Cooling an Overheating Vehicle

Marco Antonello — 29 June 2015

I have spent a fair bit of time and money on my beloved 80 series LandCruiser in the past 12 or so months, which has resulted in a full engine rebuild, upgraded internals, rebuilt turbo and injector pump. The gearbox and transfer case also received attention, with all the bearings and syncros renewed. I consider it a long term investment, as this 4WD works for me and I plan to drive it for at least another 10 years.

Some parts were replaced because they were due and others because I wanted them new, but then one I didn’t want touched started giving me trouble.

Engine performance was sweet for a couple of thousand kilometres after the rebuild and I was thrilled with the way it handled the hills on my first high country ascent, but then the needle on the temperature gauge slowly began to rise. Clearly, the cooling system was being pushed to its limits.


A new water pump, brand new radiator and confidence in my recent engine reconstruction pointed to one conclusion: the fan clutch at the front of the engine was struggling. Now I admit, I’ve had few dealings with these fans and replacing it was not on my radar, so I phoned some of my mechanic friends to see if they had more of an idea than me.

I soon discovered this type of overheating under load is common in vehicles fitted with aftermarket turbo kits because the extra fuel consumption causes higher boost pressures, and the cooling system just can’t deal with the extra heat being made. I also learned from a Toyota dealer that silicon fluid can be added to a genuine clutch fan and that some units can even have the lock-up temperatures adjusted. Fluid levels may not be optimised for demanding conditions direct from the factory, so it’s worth checking if you’re experiencing issues under load.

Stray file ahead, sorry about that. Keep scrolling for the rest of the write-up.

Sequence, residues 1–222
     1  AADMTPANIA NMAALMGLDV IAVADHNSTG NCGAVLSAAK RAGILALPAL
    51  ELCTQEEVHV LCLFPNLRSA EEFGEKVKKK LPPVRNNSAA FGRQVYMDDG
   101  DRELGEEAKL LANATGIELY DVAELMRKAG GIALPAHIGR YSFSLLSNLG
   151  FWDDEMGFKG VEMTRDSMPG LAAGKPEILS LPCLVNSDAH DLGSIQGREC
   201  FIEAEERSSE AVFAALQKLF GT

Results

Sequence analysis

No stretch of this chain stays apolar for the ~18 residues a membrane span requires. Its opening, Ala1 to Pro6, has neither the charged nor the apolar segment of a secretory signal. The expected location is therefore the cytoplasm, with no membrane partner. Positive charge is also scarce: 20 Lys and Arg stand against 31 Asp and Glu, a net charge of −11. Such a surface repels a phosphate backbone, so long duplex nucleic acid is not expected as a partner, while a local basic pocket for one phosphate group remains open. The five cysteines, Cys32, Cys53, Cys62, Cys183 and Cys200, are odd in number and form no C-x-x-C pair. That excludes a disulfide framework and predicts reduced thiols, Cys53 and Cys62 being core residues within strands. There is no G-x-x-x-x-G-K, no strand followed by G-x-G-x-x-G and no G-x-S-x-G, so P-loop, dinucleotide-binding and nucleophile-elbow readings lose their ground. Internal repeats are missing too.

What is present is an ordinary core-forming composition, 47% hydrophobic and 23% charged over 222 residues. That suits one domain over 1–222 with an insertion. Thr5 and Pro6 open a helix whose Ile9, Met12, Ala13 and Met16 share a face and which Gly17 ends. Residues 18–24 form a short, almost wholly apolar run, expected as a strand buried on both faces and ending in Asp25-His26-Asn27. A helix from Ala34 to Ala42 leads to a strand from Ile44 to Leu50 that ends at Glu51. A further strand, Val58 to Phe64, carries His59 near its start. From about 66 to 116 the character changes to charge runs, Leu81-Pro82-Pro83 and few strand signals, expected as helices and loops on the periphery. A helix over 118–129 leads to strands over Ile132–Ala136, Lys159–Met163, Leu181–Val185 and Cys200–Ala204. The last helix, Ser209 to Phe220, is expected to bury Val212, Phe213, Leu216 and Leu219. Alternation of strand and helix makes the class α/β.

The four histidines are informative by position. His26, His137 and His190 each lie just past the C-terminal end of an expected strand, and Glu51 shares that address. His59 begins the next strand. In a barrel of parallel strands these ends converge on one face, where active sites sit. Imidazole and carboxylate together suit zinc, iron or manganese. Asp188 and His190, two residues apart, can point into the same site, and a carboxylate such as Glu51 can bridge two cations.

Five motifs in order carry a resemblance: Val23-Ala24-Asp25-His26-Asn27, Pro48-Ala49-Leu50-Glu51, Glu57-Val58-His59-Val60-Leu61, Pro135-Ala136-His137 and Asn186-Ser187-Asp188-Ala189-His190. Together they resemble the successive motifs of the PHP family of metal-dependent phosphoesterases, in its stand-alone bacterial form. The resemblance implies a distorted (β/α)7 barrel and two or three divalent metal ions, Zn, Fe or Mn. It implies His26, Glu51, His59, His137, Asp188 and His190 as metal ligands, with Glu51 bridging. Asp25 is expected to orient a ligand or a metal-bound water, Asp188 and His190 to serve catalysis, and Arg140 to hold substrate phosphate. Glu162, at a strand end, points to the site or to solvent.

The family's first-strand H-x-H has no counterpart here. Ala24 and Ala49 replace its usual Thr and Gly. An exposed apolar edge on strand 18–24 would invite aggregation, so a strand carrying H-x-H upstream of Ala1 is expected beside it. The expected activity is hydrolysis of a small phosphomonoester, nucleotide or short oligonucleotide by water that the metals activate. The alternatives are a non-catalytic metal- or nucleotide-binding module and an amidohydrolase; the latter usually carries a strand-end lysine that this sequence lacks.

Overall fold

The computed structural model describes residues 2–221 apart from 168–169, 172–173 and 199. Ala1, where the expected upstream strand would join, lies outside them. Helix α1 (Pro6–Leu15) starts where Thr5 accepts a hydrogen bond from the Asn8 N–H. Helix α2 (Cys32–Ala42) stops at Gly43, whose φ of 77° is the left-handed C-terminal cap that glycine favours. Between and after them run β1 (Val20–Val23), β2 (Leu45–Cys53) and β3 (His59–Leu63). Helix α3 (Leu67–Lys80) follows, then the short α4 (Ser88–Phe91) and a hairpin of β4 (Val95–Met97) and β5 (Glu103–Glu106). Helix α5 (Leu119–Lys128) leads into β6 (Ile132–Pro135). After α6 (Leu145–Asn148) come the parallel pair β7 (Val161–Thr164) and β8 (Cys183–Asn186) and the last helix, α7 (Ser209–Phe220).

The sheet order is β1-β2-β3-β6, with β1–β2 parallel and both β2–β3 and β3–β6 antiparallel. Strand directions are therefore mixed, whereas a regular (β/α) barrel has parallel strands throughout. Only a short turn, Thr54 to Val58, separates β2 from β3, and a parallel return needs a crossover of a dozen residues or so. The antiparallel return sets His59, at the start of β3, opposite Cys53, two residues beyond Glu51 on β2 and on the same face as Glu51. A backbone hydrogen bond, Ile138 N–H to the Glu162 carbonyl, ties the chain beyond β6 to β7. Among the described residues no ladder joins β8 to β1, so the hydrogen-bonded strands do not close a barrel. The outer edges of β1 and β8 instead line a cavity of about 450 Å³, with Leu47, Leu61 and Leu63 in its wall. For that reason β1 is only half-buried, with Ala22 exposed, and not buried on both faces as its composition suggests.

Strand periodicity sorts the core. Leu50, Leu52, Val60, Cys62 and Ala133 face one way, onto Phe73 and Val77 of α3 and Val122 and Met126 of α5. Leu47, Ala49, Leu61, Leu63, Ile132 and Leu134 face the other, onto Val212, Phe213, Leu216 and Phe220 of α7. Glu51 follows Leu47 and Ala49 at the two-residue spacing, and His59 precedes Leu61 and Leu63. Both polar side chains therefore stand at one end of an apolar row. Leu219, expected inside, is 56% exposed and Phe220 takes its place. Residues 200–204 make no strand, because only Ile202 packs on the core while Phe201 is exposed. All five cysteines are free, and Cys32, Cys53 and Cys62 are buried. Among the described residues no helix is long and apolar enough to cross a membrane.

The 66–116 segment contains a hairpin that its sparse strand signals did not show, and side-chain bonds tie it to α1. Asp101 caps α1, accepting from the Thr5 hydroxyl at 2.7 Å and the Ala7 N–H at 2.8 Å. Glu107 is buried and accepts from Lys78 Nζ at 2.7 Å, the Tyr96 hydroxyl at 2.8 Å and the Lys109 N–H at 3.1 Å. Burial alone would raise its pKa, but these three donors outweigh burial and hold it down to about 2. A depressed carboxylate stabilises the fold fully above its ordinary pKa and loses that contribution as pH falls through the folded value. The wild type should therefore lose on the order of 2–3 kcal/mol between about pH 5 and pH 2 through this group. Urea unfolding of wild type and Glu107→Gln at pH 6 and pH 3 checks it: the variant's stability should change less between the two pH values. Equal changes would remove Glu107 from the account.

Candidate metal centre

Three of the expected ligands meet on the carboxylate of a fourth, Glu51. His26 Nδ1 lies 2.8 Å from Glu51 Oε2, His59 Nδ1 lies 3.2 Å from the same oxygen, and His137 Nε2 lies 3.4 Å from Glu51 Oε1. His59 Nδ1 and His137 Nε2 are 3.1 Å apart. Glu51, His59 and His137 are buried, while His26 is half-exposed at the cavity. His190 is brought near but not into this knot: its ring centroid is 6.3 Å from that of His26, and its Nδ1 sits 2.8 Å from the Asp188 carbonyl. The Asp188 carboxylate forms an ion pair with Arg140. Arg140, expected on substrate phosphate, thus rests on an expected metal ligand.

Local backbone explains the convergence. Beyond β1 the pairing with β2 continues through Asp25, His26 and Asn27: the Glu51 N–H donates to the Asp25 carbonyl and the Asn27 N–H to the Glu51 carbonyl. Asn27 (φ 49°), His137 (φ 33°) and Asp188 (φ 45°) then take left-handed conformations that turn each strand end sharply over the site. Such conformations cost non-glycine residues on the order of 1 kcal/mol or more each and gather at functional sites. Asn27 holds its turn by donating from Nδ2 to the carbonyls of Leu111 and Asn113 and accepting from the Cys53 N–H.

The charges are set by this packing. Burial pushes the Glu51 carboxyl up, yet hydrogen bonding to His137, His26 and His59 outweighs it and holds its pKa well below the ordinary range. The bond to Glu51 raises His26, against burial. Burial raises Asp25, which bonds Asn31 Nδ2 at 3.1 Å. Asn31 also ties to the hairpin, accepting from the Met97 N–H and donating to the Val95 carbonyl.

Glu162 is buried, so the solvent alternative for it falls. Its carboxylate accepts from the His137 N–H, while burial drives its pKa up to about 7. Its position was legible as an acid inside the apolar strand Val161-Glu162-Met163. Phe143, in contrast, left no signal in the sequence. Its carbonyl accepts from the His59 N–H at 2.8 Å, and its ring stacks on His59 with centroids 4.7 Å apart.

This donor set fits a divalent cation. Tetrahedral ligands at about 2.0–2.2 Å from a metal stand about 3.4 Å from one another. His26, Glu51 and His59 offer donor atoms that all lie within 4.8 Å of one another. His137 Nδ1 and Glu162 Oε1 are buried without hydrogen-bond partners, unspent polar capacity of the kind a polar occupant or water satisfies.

Feeling more educated, it was time to test and remove the fan clutch. I checked for bearing play first by rocking the fan back and forth. I was pleased, as any signs of play would require an entire new unit. Once the fan clutch was on the bench, I unbolted the plastic fan so the clutch could be split in two. The tips of the fan blades had been damaged at some point: they weren’t that bad but it possibly could make a difference, so I ordered a brand new fan even though there were no signs of leaking fluid (without knowing the history, the fluid could have leaked long ago).

With the clutch in two pieces, I could see silicon fluid inside but the level was lower than the bottom of the holes, which is where I was told it needed to be. This clutch didn’t look to be an adjustable type so my only option was to fill to the correct level with extra silicon fluid. The fluid was readily available from my local Toyota dealership for only $12 per 15ml tube so I got two just to make sure I had enough. Adding the new fluid was slow-going as the silicon fluid was very thick and I wanted to make sure I didn’t overfill it. I ended up putting an extra 25ml into the reservoir.

While the clutch was apart, I blew hot air over the internal bi-metal sensor to see if it was working, and was relieved to see the attached internal metal strip turning to open up the different ports as it should. Before putting the clutch back together, I cleaned both mating surfaces and I also gave the O-ring a light coat of silicon to make sure it was 100 per cent sealed.


Once the fan clutch was reinstalled, it was time to take it for a test drive to see if my modifications had made a difference. The first thing I noticed was the needle on the temp gauge was sitting slightly lower than previously under normal driving conditions, which was a great start. Since then, I haven’t had any issues even when powering up a pretty decent hill and I believe the new fan blades have made a difference because the volume of the fan noise has risen.

If your 4WD is new and is pretty much stock standard then you shouldn’t have such issues, but performance modifications can place stress on other parts of the system because you are asking more of your engine. I might have been chasing my tail for a while if I hadn’t just rebuilt the engine, as the fan clutch would not normally be my first step in trying to fix the problem. All up it cost me around $60 and a few hours of my time for a problem that could have cost a lot more without actually being resolved.

Check out the full feature in issue #90 July 2015 of Camper Trailer Australia magazine.


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